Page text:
Why creating a digital shrine for my Dad helped me with my grief.
Sandy Weatherburn, Social Embers
My Dad died on the 8th May 2020. He was 85 and lived a full and happy life. He died in hospital during the Coronavirus pandemic, meaning that visiting him in hospital was restricted. A small funeral was held for him at the local crematorium, with 9 mourners attending a brief 20 minute service, which was the maximum time that was permitted, meaning that no one except close family could be there. The service was live streamed so a few who were organised enough were able to attend virtually.
In many cultures and religions a shrine is created for a dead person. The Cambridge dictionary defines a shrine as either a place of worship or a place that is honoured because of its connection with a famous person or event. My Dad wasn’t famous, but he was well known in the town that he lived.
I created a digital shrine, a tribute memorial website for him. I offered his friends and family a place to visit and honour him. This virtual space allowed for others to connect with one another in his memory. When I began the website, I had no idea how important it would become in processing my grief. I spent many hours looking at pictures of my Dad from throughout his life and not just the more recent ones of him being old and infirm. I saw him as a young man, a happy man and I was reminded of his full life and all that he had achieved. This process did not overwhelm me, it helped me accept his death. I imagine creating a similar digital shrine for someone who has died unexpectedly or at a younger age would have been more difficult, but the process was cathartic and gave me an insight into my Dad as a whole person. Looking at pictures of him that were taken before I was born, helped me see him as an individual, not just as my father. The digital space that I have created offers me a place to return, whenever I need to. It is a space that others can visit too, to remember, to mourn and to honour my Dad.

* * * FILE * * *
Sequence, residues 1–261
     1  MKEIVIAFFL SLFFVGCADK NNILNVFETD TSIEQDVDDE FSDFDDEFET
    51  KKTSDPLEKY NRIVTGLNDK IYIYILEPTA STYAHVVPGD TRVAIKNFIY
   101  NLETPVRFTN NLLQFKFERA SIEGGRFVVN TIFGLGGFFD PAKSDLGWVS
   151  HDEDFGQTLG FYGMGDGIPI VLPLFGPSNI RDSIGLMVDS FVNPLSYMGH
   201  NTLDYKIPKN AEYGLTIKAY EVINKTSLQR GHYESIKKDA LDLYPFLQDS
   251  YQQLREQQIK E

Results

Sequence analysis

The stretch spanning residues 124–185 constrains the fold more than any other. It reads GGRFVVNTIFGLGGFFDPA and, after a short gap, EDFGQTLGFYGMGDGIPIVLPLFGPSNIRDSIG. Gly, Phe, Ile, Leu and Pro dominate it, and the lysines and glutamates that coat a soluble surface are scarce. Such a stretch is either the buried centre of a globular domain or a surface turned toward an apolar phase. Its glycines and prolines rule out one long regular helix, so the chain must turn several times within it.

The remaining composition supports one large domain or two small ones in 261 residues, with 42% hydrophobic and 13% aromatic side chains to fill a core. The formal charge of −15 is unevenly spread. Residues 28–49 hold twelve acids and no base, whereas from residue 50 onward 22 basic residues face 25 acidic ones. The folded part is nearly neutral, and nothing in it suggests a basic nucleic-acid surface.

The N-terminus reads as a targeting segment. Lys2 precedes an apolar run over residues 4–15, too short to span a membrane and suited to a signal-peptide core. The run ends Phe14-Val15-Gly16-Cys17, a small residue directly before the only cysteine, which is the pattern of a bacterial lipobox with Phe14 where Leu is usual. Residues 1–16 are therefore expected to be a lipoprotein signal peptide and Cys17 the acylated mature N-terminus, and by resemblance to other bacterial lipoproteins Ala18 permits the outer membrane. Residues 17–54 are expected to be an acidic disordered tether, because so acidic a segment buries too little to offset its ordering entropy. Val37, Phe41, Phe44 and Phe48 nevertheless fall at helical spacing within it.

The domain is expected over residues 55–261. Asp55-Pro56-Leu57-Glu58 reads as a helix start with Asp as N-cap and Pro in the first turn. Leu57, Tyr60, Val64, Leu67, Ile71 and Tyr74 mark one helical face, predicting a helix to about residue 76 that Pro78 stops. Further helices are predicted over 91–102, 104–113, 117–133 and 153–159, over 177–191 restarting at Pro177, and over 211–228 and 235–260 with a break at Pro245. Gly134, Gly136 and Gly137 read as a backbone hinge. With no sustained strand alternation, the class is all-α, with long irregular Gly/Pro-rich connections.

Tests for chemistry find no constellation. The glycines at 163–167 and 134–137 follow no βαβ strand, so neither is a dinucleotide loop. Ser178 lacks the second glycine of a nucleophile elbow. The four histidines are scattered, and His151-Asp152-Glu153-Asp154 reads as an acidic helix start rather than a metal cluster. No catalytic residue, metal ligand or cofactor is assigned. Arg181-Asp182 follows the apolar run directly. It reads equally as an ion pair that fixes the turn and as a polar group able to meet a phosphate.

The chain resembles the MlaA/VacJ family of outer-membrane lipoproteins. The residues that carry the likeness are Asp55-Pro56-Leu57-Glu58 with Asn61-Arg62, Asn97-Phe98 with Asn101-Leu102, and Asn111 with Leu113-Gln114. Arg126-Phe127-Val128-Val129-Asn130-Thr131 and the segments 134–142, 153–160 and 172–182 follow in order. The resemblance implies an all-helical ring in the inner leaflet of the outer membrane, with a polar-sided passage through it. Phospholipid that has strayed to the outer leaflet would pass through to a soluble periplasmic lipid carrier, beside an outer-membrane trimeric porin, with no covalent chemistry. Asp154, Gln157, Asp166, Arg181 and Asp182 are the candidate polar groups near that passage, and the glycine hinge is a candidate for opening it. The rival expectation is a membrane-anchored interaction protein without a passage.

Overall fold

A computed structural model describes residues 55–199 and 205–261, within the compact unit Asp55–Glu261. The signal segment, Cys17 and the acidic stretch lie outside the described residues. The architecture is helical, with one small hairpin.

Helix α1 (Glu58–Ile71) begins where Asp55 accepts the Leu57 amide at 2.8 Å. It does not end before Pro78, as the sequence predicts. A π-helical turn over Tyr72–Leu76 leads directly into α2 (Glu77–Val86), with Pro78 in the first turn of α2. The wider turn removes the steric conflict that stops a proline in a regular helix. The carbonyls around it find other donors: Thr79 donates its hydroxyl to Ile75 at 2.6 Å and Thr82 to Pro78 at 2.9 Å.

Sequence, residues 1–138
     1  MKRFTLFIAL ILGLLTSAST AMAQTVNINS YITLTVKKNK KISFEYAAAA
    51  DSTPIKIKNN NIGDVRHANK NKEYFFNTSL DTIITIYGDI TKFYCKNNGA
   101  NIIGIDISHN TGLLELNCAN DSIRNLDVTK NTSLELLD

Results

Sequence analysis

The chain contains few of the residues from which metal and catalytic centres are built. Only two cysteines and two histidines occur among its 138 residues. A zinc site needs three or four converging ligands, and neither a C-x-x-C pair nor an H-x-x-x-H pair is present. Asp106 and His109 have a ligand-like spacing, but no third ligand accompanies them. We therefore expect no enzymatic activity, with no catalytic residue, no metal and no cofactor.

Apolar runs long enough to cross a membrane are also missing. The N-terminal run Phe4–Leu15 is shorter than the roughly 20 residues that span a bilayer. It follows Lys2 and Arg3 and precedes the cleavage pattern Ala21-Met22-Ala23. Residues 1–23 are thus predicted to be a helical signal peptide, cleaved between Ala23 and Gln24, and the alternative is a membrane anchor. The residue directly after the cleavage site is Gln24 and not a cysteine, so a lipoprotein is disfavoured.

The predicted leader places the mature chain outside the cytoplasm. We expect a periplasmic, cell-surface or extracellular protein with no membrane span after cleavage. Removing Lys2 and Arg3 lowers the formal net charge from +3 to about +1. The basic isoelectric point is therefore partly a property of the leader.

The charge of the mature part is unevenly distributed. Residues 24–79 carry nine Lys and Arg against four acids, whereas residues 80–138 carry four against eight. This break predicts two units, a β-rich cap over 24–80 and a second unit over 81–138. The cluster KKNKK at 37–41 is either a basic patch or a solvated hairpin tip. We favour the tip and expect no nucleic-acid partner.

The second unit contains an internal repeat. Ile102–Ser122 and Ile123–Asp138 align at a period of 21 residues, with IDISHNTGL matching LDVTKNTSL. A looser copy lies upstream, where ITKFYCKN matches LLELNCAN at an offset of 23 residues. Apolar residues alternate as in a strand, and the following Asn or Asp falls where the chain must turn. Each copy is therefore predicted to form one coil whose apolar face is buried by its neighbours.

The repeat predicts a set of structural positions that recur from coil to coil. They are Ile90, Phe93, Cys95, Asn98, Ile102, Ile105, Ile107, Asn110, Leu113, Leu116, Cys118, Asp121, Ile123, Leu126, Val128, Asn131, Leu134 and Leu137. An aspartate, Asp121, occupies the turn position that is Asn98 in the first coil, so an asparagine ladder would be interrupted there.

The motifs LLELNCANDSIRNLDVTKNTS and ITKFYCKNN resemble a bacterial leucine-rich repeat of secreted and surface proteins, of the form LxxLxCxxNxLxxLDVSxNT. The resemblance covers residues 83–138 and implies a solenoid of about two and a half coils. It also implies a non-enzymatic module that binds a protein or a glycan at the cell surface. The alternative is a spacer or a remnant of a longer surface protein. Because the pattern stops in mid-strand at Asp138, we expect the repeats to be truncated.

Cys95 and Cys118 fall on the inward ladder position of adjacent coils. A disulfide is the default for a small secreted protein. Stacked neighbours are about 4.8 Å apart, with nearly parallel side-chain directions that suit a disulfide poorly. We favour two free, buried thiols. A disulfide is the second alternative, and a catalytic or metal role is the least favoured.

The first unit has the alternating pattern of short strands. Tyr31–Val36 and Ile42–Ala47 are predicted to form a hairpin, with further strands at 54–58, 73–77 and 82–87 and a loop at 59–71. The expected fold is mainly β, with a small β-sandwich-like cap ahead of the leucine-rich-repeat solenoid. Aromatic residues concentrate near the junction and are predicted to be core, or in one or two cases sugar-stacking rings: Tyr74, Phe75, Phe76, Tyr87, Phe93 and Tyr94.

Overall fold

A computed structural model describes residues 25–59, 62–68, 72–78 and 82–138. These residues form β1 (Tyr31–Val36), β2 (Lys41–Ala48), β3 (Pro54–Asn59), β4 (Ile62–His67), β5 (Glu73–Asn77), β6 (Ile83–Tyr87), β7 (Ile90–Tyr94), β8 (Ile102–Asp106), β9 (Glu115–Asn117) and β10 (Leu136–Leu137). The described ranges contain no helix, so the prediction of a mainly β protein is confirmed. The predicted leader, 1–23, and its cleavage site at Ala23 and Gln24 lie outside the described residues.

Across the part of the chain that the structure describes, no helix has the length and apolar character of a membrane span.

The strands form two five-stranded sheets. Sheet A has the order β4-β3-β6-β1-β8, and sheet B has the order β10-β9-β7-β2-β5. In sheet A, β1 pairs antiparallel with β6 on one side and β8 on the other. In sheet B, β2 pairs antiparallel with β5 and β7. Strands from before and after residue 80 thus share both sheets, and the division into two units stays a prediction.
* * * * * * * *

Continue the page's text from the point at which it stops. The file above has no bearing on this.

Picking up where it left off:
My interest in technology and death began in 2012 when a close relative died suddenly. What was to become of her digital footprint took me on a journey of my own, and led me to attend the Digital Legacy Conference in 2016. I have since completed a MA course in Death Religion and Culture with Winchester University
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